Saturday, September 28, 2013

Cheap love

Our Prime Minister has announced his support for the institution of marriage - and he intends to put our money where his mouth is.  He draws on his own experience in the most touching way:
"I believe in marriage. Alongside the birth of my children, my wedding was the happiest day of my life. Since then, Samantha and I have been a team. Nothing I've done since - becoming a Member of Parliament, leader of my party or prime minister - would have been possible without her."
I'm not sure this counts as a selling point for most people, but we'll park that one for now. What annoys me about conservatives these days is that they aren't proper conservatives - and even when they're these neo-liberal types that deal in the economistic reduction of social issues masquerading as conservatives, they can't even do that properly.

 There is already a considerable financial incentive to marriage, once you've got over the cost of the wedding itself. Where you had two houses, you only need one - and you sit in a room with one TV when in the past you needed two - this room being warm at half the cost you experienced when you were single. Your council tax is only 25% more than it was before you got hitched, not double...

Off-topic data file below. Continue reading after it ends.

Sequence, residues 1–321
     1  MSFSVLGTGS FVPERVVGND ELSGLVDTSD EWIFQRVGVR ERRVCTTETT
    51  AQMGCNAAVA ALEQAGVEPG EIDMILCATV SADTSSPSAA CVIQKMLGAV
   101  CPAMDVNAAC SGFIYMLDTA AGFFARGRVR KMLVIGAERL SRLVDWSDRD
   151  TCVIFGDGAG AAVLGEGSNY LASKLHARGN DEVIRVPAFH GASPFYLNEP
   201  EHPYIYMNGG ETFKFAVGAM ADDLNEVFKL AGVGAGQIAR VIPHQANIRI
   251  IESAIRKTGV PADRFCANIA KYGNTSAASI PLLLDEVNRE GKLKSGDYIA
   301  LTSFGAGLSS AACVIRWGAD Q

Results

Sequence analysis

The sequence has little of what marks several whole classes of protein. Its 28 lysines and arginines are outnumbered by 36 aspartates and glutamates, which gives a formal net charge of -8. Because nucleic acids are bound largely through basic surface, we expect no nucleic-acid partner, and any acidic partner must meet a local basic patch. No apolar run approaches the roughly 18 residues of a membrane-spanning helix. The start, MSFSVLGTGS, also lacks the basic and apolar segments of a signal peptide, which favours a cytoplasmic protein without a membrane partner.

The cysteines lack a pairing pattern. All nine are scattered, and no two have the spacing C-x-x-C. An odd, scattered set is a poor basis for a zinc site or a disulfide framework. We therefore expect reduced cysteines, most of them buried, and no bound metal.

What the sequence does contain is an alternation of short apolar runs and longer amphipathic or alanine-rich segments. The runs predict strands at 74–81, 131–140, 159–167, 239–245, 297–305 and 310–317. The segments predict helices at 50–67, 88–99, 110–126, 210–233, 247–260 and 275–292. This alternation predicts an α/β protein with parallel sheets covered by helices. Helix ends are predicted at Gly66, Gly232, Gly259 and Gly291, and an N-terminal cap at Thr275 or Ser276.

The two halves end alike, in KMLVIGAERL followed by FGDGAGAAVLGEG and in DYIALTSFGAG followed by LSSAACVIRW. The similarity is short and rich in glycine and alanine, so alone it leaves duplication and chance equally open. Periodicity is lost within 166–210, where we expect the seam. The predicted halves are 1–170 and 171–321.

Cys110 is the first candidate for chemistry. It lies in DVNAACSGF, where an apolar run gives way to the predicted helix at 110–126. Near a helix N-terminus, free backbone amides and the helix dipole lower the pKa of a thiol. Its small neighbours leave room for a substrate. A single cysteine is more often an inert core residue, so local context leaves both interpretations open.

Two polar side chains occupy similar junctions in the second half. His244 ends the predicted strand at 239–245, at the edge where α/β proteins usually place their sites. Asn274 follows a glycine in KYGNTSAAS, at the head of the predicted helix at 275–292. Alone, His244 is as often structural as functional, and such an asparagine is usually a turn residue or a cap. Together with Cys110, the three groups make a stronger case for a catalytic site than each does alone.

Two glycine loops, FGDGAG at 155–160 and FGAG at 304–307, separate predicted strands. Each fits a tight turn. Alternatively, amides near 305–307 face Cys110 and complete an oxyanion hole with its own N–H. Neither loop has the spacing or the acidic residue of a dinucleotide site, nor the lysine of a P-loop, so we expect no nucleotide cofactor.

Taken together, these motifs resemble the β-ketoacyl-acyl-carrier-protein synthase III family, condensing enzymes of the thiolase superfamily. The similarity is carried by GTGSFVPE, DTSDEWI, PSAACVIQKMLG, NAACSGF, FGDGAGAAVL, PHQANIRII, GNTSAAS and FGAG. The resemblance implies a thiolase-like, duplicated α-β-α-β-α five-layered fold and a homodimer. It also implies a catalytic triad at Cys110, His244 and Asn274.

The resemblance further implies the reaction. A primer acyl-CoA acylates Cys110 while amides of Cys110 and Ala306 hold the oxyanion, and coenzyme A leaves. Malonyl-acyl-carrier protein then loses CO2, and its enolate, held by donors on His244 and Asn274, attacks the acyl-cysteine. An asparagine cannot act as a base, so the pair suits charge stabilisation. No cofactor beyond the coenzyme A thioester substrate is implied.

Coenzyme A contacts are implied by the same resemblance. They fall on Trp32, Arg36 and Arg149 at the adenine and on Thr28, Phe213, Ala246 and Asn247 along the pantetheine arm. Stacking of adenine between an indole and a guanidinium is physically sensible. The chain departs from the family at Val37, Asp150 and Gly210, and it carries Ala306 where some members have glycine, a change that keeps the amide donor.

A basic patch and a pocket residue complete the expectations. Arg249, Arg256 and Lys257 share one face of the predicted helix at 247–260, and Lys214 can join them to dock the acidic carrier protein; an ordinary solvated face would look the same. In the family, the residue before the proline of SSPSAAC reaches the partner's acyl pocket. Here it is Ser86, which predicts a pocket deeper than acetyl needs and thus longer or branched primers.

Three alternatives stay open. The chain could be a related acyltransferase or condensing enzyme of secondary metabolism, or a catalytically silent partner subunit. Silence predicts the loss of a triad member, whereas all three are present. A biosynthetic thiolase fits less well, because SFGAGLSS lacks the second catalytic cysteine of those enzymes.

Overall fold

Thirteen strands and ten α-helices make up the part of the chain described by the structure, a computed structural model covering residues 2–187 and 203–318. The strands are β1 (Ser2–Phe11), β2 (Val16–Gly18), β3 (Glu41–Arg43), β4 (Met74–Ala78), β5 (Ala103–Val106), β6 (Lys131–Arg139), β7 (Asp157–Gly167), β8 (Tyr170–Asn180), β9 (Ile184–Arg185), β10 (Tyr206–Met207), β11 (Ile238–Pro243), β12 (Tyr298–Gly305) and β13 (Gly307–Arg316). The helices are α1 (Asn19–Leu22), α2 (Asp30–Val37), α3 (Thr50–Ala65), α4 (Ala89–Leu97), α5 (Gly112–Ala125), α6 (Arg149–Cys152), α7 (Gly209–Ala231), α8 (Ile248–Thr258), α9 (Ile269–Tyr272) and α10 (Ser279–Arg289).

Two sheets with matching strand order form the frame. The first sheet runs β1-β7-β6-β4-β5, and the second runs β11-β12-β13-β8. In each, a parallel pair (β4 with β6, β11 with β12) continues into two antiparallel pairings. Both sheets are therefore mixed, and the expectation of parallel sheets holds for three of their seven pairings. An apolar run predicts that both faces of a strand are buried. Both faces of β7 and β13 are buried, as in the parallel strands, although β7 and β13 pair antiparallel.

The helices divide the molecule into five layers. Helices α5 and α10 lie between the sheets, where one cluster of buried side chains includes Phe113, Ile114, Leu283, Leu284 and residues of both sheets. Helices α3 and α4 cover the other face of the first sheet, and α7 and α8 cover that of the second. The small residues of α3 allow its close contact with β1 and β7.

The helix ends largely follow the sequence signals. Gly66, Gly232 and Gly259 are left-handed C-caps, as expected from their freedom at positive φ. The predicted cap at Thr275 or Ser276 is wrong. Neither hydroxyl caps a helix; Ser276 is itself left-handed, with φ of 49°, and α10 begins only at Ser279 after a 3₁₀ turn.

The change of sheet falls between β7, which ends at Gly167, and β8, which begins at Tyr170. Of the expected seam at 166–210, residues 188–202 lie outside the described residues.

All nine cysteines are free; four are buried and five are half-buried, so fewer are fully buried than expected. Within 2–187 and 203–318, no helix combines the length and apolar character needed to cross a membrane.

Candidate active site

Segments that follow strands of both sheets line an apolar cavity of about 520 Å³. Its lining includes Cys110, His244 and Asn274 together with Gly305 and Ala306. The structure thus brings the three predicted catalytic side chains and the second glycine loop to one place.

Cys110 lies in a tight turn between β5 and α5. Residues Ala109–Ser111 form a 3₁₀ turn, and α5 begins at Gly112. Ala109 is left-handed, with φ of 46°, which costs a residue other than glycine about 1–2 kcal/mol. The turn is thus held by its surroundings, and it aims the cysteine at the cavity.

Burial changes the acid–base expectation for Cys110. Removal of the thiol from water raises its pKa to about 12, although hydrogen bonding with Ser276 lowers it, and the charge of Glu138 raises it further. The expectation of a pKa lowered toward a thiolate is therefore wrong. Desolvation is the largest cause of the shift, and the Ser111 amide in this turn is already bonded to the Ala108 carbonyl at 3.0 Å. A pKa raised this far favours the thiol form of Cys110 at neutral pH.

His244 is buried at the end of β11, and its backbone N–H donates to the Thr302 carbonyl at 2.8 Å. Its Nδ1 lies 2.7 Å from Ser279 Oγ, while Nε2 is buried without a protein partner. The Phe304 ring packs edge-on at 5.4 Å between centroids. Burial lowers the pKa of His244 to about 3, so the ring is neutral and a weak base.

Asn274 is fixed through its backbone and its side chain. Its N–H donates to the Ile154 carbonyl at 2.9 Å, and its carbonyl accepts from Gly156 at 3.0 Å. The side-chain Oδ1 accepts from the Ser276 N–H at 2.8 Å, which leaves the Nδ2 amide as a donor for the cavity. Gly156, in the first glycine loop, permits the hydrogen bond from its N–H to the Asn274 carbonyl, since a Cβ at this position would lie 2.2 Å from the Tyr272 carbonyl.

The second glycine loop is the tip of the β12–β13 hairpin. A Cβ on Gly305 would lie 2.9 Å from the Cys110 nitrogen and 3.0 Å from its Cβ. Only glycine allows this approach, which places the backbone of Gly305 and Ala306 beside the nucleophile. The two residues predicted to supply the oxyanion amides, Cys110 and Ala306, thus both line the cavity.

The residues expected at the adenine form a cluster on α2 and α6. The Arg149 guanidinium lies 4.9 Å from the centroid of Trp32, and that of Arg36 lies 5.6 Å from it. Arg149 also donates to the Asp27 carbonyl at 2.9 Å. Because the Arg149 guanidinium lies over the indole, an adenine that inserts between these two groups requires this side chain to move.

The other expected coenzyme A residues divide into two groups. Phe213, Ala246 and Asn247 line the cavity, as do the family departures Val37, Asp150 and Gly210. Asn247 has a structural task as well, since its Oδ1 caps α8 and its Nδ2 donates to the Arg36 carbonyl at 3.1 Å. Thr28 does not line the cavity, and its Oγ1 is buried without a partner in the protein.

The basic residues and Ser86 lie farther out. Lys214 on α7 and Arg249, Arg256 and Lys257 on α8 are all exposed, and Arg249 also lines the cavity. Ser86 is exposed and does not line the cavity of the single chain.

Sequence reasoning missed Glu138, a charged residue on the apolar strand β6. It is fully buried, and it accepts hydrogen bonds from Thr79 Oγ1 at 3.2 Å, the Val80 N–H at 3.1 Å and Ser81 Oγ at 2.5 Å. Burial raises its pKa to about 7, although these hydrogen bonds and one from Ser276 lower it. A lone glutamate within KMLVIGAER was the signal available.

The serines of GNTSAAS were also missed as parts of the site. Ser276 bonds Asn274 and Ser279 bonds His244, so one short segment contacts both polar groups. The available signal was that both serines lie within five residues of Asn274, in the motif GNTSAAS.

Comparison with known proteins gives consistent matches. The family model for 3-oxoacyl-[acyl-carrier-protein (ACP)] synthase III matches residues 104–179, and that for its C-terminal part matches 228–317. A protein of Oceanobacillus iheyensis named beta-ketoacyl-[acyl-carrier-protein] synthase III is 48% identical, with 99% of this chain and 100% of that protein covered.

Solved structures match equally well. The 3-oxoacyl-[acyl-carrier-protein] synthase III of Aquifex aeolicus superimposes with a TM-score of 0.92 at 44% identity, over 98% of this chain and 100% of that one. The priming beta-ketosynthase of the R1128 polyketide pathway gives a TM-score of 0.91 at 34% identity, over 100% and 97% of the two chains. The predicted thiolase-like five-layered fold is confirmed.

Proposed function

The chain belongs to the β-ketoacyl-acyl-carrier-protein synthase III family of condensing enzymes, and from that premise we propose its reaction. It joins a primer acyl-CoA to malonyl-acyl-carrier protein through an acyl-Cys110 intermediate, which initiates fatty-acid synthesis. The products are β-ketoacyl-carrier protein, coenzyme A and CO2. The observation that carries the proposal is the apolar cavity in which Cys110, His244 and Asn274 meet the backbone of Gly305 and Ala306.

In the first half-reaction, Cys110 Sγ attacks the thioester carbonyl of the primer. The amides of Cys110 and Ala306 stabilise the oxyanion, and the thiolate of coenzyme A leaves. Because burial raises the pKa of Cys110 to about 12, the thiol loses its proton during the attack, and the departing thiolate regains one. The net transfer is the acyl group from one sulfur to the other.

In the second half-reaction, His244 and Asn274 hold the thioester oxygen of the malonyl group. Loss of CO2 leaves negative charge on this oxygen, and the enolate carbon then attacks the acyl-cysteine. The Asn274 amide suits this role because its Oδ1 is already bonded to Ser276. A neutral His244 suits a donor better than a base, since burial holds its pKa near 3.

I could go on, but you get the point. And then when you get divorced, the whole cost-saving joy of matrimony is thrown into reverse. You're talking thousands of pounds here. You go from "I will love you until the mountains fall into the sea" to "must you breathe like that?" in a few short years. How to avoid this tragic waste of human suffering? Give them a couple of hundred quid of their own money back. For shame. Perhaps if you eliminated income tax altogether for married people and put all single people on an emergency tax band it might have some kind of impact on people's behaviour. Would this be desirable? Only to those who put too low a price on institutions that can't always be justified with such narrow utilitarian cosiderations.

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